- n. A large wave or billow; a great, rolling swell of water, produced generally by a high wind.
- n. The motion of, or produced by, a great wave.
- n. The tapered part of a windlass barrel or a capstan, upon which the cable surges, or slips.
- v. To swell; to rise hifg and roll.
- v. (Naut.) To slip along a windlass.
- v. (Naut.) To let go or slacken suddenly, as a rope; ; also, to slacken the rope about (a capstan).
- n. a sudden forceful flow
- n. a sudden or abrupt strong increase
- n. a large sea wave
- v. rise rapidly
- v. rise and move, as in waves or billows
- v. see one's performance improve
- v. rise or heave upward under the influence of a natural force such as a wave
- v. rise or move forward
- From Middle English surgen, from possibly from Middle French sourgir, from Old French surgir ("to rise, ride near the shore, arrive, land"), from Old Catalan surgir, from Latin surgere, contr. of surrigere, subrigere ("transitive lift up, raise, erect; intransitive rise, arise, get up, spring up, grow, etc."), from sub ("under") + regere ("to stretch"); see regent. (Wiktionary)
- Probably French sourdre, sourge- (from Old French) and French surgir, to rise (from Old French, to cast anchor, from Old Catalan), both from Latin surgere, to rise : sub-, from below; see sub- + regere, to lead straight; see reg- in Indo-European roots. (American Heritage® Dictionary of the English Language, Fourth Edition)
“UNIDENTIFIED FEMALE ANCHOR: I hate to use the term surge, but did you see a surge in people after you ...”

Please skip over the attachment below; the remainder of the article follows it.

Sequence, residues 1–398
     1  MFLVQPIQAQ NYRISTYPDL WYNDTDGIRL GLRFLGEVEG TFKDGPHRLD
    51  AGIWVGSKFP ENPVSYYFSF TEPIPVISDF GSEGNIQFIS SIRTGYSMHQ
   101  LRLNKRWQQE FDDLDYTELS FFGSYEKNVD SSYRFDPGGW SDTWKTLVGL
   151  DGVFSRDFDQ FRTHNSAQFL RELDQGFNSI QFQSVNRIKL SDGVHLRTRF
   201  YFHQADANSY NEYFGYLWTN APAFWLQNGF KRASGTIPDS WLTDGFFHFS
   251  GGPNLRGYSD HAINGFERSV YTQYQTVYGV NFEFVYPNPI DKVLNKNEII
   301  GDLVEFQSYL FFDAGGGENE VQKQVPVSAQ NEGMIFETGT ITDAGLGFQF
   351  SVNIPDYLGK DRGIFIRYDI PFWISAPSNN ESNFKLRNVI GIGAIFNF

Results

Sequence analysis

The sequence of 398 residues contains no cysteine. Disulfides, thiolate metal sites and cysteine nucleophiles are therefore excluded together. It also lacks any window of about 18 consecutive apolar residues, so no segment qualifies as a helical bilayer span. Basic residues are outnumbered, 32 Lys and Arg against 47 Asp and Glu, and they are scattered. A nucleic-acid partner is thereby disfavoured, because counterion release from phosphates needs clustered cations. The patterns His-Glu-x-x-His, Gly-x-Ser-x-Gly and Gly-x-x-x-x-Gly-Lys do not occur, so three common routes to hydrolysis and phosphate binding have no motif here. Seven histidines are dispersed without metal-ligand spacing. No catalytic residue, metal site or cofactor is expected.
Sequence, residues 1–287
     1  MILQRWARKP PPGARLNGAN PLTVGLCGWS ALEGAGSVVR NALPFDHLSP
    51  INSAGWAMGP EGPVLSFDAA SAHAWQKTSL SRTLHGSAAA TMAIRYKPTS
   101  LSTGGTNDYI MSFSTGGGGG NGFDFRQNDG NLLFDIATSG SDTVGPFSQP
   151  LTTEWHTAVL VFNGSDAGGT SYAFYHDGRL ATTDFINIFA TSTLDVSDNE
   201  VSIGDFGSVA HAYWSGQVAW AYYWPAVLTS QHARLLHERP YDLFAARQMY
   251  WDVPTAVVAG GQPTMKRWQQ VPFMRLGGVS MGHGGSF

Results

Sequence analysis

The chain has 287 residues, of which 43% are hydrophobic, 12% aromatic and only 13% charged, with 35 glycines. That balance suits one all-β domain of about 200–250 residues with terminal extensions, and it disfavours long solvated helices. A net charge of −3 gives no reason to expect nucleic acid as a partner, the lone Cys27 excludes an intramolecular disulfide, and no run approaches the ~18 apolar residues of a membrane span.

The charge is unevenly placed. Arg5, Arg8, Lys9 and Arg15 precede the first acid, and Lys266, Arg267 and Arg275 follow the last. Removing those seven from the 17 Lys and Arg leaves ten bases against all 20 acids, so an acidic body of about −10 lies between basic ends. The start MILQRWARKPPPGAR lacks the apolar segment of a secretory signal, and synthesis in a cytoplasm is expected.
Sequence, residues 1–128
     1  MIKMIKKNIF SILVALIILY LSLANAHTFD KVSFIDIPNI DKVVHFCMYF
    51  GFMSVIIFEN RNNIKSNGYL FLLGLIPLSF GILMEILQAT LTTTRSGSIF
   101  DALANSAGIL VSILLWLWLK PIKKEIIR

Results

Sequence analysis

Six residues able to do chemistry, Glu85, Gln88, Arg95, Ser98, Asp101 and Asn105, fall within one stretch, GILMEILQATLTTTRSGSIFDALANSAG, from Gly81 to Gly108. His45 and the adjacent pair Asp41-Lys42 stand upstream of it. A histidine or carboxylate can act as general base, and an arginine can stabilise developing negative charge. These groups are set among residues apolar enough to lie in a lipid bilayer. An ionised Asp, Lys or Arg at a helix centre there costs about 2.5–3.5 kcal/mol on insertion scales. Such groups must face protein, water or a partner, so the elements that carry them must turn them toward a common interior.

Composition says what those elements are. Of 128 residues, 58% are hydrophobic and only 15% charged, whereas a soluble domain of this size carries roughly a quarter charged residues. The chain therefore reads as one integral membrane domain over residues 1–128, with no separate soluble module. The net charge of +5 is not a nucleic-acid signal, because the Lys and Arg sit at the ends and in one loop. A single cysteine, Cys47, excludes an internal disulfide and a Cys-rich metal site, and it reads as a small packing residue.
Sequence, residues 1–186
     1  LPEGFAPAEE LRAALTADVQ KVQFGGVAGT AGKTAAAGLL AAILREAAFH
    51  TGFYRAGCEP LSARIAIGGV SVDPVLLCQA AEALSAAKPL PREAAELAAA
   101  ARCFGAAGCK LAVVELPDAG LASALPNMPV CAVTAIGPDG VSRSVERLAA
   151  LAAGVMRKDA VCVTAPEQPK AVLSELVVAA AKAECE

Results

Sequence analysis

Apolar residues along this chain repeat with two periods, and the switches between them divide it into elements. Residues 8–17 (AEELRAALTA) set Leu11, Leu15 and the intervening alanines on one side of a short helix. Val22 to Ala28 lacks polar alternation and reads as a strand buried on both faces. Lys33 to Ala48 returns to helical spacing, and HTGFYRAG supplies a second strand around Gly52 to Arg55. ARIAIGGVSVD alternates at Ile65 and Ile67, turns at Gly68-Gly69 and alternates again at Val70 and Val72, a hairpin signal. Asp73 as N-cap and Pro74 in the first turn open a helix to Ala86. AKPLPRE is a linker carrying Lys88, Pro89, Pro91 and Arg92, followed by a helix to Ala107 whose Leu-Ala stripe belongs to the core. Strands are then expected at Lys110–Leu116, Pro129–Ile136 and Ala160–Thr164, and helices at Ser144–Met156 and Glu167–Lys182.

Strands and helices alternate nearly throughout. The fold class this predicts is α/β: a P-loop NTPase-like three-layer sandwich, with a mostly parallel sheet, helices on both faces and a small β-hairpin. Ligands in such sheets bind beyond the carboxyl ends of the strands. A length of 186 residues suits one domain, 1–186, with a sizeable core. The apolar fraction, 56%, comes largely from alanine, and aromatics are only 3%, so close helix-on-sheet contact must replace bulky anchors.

“GATES: The term surge has been used in relation to increasing U.S. troop levels, and an increase certainly will take place.”
“The term surge has been used in relation to increasing U.S. troop levels and an increase certainly will take place.”
“Liverpool's Big Four monopoly gives them the edge over Chelsea Droopy-draws Liverpool caught with their pants down as Manchester United and Chelsea take over Manchester United look red-hot for another title surge while Chelsea and Liverpool fight for scraps Super 14: The key men and the key roles in another Southern Hemisphere extravaganza Chris Toy”
“Staples Inc., long a player on Cyber Monday, began offering weekly Monday promotions for its Web store on Nov. 7 — its earliest holiday start ever — and will continue them through Christmas in response to what it described as a surge in early visitor traffic.”
“That word -- each time I heard the word "surge" I looked at my surge protector to see if it was doing its job or not.”
“If the surge is all you have got then you have got nothing to offer. —”
“The momentary success of the surge is a peace bought only by the lives of American soldiers, acting as a buffer between the various factions.”
“Take a stroll down the marketplace minus the flak jacket, hundreds of armed troops, and flying helicopter gunships to prove that the surge is a MIRAGE!”
“The president may not have known it, but the first test case of what will happen after the surge is about to occur right outside Assad, in Thar Thar.”